In the near future, automated vehicles offer the promise of near-perfect safety and freedom from concerns about drunk, negligent, distracted or drowsy drivers. Small steps are being taken to arrive at that destination, including early implementation of safety systems, which use the sensors and computerized controls being developed for driverless cars. Research published by AAA has found that these safety systems operate correctly, but they actually make New Hampshire roads less safe.

The study authors scrutinized two systems to determine their effectiveness at preventing motor vehicle accidents. Both lane-assist and adaptive cruise control rely on sensors and computer control of the steering column, brakes, and accelerator. Both systems were correlated with an increased number of car accidents and incidences of distracted driving. Authors even noticed that drivers with experience using the systems were more likely to be distracted and have accidents.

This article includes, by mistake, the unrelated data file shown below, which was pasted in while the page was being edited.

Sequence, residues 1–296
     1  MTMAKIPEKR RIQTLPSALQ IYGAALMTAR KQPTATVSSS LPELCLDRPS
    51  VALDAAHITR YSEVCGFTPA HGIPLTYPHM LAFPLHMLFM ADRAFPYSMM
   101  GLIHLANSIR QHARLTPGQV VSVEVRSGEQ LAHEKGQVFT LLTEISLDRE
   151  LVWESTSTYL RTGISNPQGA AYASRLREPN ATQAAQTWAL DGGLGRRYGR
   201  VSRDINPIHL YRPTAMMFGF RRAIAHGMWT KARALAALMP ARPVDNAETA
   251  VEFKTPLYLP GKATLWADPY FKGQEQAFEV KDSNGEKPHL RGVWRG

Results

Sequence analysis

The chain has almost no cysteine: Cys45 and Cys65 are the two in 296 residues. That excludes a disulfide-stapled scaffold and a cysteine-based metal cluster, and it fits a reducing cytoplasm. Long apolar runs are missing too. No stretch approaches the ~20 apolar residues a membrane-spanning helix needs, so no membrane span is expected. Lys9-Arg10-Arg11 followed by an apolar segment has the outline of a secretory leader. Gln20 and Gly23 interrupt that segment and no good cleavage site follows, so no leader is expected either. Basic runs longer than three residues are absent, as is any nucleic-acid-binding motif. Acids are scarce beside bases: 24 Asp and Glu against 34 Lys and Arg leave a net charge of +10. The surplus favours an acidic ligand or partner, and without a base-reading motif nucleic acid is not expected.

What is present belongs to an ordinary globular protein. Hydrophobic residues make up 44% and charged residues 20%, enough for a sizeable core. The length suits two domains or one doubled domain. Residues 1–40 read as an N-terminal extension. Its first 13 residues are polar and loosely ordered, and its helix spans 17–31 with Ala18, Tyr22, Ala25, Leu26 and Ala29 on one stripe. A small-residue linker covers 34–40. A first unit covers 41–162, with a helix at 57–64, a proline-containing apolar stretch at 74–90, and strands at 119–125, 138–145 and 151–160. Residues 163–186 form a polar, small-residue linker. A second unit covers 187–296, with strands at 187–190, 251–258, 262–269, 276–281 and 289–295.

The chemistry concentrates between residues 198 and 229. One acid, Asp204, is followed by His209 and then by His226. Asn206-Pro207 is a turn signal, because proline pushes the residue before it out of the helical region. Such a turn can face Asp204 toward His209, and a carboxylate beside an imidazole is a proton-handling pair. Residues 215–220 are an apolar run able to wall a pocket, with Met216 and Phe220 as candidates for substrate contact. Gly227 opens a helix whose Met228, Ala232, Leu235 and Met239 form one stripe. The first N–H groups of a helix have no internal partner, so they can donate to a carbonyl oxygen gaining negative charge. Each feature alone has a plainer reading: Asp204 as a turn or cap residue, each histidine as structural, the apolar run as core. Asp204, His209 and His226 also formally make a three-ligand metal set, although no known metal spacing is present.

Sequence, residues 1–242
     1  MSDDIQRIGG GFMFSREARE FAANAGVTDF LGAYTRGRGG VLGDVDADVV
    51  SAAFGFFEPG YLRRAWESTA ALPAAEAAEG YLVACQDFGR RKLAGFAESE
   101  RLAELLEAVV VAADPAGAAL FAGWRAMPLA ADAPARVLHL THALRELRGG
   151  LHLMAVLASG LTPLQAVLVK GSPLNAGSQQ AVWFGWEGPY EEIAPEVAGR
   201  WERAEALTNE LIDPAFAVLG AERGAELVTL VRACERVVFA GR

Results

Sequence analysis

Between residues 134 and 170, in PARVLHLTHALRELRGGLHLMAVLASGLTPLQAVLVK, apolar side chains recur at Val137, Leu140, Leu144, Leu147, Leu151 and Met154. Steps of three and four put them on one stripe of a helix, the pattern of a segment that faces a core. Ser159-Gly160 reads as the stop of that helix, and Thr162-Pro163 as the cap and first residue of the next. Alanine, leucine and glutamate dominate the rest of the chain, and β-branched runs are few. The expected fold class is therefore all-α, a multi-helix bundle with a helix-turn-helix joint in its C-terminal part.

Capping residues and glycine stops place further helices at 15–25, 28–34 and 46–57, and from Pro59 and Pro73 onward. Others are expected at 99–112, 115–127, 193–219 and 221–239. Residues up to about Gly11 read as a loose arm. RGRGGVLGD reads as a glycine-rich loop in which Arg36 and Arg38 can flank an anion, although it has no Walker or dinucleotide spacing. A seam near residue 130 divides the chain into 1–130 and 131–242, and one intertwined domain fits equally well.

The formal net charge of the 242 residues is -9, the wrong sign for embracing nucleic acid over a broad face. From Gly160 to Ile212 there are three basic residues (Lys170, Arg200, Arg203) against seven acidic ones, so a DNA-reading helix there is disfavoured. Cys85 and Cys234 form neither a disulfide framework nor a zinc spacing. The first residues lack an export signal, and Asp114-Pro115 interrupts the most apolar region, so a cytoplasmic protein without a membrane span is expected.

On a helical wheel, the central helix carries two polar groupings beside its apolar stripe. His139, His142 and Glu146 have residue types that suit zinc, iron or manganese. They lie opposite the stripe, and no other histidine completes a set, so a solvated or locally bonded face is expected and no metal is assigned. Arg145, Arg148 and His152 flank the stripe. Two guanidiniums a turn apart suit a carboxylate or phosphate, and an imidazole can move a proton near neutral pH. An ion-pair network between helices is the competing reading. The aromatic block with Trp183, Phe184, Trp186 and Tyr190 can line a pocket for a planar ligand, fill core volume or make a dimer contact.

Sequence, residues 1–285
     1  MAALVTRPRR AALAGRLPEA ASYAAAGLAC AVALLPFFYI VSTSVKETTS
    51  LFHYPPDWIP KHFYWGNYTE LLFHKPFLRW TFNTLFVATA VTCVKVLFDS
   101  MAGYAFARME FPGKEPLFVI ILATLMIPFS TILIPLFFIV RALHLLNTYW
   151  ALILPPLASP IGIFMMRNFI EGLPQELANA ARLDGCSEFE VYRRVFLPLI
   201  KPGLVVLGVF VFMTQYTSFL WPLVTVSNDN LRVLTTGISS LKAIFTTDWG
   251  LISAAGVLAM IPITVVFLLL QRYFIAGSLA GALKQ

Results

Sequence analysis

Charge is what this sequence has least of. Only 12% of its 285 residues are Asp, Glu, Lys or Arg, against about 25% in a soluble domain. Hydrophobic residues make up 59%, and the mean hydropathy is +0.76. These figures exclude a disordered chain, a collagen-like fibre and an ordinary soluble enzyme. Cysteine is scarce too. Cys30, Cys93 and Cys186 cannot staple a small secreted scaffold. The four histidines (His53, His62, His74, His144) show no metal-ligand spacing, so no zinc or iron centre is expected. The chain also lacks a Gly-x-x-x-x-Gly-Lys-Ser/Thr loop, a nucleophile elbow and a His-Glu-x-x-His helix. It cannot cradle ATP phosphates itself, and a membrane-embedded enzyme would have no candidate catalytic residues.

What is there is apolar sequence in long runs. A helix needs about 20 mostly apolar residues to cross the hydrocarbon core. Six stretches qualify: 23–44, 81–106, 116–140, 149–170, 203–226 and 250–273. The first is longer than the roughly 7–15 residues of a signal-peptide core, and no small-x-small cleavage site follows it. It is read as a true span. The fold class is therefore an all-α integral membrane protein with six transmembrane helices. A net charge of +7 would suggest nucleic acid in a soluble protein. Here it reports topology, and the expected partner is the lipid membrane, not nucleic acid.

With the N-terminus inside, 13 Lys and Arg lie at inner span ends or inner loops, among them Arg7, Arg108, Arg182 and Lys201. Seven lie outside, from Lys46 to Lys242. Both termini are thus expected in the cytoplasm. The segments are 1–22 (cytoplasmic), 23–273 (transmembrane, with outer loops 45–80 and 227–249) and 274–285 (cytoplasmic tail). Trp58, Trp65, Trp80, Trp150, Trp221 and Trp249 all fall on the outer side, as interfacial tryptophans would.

The researchers explained the failure to improve safety as a result of poor education. Drivers felt so confident in the systems that they turned their attention to other things, such as touch-screen devices. This increased the risk of motor vehicle accidents outside the systems’ narrow range of preventable accidents. Interestingly, drivers with less experience using the safety devices were also involved in less car accidents.

The push toward driverless autos likely means even more implementation of partial automation billed as safety options. Some may work as intended while others make the roads more dangerous for everyone. Unfortunately, this means some New Hampshire drivers will suffer the fallout of motor vehicle accidents at the hands of a distracted driver. Victims are often too traumatized or incapacitated to handle complex matters of following up on accident investigations and obtaining sufficient compensation to cover lost wages and anticipated medical care. Experienced attorneys may ensure the victims’ best interests are represented in efforts to maximize recovery of damages.